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If a foreigner wishes to raise the flag of his nationality in this country he must raise the flag of the United States above it
never below it. The flag should never be draped, but always arranged to hang in straight lines. It should not be used as a cover for a table, desk, or box. Nothing should ever be placed upon the flag.
When clusters and draping of colors are desired, bunting or cloth should be used, but never the flag.
The flag should not be used as the whole or a part of a costume and when worn as a badge it should be small and pinned over the left breast or to the left collar lapel.
Neither the flag nor a picture of it should be used for any advertising purposes whatever; nor as toys, fans, parasols, paper napkins, or sofa cushions.
It is unlawful to trample upon, mutilate, or otherwise treat the flag with insult or contempt; or to attach to it any inscription or object whatever. When old or soiled from use it should be decently burned.
When the “Star-Spangled Banner" is played, all persons within hearing should rise and stand, head uncovered. The playing of it as a part of a medley is prohibited and it should never be played as an exit march.
It is becoming the practice throughout the country to display the national flag on all patriotic occasions, especially on the following days:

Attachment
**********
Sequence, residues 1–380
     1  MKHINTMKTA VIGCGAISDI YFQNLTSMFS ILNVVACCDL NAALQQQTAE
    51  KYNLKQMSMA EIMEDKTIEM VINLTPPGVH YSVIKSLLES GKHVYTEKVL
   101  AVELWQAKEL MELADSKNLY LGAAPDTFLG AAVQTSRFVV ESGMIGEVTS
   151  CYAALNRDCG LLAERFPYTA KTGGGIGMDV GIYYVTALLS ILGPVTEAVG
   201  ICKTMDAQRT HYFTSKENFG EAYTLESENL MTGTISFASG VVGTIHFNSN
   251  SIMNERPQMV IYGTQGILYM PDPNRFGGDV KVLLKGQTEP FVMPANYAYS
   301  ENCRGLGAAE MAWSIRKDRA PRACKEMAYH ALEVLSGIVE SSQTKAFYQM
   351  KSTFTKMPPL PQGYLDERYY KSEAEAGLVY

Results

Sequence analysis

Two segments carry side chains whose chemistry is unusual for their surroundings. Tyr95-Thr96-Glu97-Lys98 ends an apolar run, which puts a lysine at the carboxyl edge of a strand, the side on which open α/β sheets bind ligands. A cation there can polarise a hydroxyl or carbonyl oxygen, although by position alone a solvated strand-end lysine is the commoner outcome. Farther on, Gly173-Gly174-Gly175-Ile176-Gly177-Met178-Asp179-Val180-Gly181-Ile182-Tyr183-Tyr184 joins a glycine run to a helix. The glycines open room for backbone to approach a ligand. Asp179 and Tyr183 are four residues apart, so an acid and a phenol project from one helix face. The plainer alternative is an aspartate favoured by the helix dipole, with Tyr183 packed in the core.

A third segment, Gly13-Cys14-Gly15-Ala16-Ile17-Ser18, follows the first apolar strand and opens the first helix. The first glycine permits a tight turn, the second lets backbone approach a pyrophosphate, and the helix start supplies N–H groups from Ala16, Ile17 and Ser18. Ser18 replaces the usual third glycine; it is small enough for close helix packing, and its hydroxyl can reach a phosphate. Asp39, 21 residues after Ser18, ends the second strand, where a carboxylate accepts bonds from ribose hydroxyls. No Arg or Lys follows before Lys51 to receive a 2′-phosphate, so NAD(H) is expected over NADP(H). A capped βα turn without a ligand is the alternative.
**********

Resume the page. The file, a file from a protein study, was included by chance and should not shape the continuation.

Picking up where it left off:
Lincoln's Birthday, February 12
Second Sunday in May
In certain localities other special days are observed in the
114. A Pledge of allegiance to the Flag.
“I pledge allegiance to my FLAG and to the Republic for which it stands, one nation indivisible, with liberty and justice for all."
haild at the twilight's last gleam-ing, Whose broad stripes and bright stars, thro'the per • il - ous host in dread si - lence re . pos - es, What is that which the breeze, o'er the tow - er - ing homes and the war's des - O. la - tion! Blest with vic - t'ry and peace, may the heav'n-res-cued
fight, O'er the ram-parts we watch'd were so gal-lant-ly stream-ing? And the rock-et's red
fit - ful - ly blows, half con-ceals, half dis - clos - es? Now it catch-es the land Praise the Pow'r that hath made and pre-served us na - tion! Then. con-quer we
1 Service Version. By permission of Oliver Ditson Company, Boston.
glare, the bombs burst-ing in air, Gave proof throʻthe night that our flag was still there. gleam of
the moro-ing's first beam, In full glo - ry re - flect-ed now, shines on the stream. must, when our cause it is just, And this
mot-to: "In God is our Trust"
land land land
free free free
ard and and
the the the
brave? brave! brave.